The health insurer Wellpoint is testing a new program that gives covered patients the option of going to India for elective surgery, with no out-of-pocket medical costs and free travel for both the patient and a companion.
The program is being tested at Serigraph, a printing company in Wisconsin whose managers have been looking for ways to curb rising health care costs, said Dr. Razia Hashmi, chief medical officer for national accounts for Anthem Blue Cross and Blue Shield, which is affiliated with Wellpoint.
"This is a first for us," Dr. Hashmi said. "We will be monitoring every aspect of this very closely, to make sure everyone is satisfied and there are good clinical outcomes."
By the year 2010, more than 6 million Americans annually will be seeking medical treatment abroad , according to the Deloitte Center for Health Solutions, a consultancy. The potential savings are significant. Knee surgery that costs $70,000 to $80,000 in the United States can be performed in India for $8,000 to $10,000, including follow-up care and rehabilitation, Dr. Hashmi said. Similar savings could be achieved for such common procedures as hip replacements and spine surgery .
If other insurers follow Wellpoint, Dr. Hashmi said, the trend ultimately may pressure on United States hospitals to be more competitive in their pricing.
Critics say that's unlikely.
"There have been some reports of hospitals that have been willing to match the prices, but I don't know how they're doing that," said Howard Berliner, a professor of health policy and management at State University of New York Downstate Medical Center in Brooklyn. "The reality is there's just no way that most hospitals can respond to this. It's just like any service that's outsourced - the price is so cheap abroad that there isn't much an American company can do about it."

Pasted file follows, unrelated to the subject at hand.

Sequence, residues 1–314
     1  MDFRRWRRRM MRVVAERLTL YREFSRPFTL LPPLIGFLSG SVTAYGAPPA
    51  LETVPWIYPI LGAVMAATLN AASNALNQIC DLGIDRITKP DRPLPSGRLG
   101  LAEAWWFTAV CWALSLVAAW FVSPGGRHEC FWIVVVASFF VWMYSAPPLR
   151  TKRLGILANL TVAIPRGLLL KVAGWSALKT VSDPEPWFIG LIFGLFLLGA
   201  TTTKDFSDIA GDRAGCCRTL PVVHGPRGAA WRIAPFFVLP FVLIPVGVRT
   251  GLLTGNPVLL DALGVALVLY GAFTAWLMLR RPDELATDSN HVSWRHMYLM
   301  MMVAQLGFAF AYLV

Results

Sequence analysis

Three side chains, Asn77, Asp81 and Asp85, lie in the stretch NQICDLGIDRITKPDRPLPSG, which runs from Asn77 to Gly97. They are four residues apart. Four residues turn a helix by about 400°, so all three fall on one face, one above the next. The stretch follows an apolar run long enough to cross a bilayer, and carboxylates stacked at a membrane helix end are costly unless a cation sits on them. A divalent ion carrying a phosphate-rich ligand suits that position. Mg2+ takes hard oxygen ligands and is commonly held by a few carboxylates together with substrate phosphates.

At the same time, he said, the program could potentially siphon off the healthiest, most profitable patients from a local hospital.
Dr. Hashmi predicted that the program would appeal primarily to people who have traveled abroad. Many employees of Serigraph, which has offices in India, are familiar with the country.
"The quality is comparable" to care provided in the United States, Dr. Hashmi said. All the physicians speak English, and patients can share their medical records and consult with a surgeon in India before making the trip, she said.
The pilot program arranges for patients to be picked up at the airport and provides special meals to prevent food-borne illnesses. The program complies with the American Medical Association guidelines on medical tourism and uses hospitals accredited by the Joint Commission International.
Dr. Hashmi said it had actually been easier to evaluate the quality of medical care abroad than in the United States. "There is a lot more willingness to share data about complication rates, the total number of procedures and the outcomes," Dr. Hashmi said. "We're able to get detail per hospital and per physician."
In addition to saving out-of-pocket costs for surgery for patients, the program could potentially help keep insurance premiums affordable, Dr. Hashmi said.
More at: NY Times
For information about affordable surgery overseas, visit Healthbase.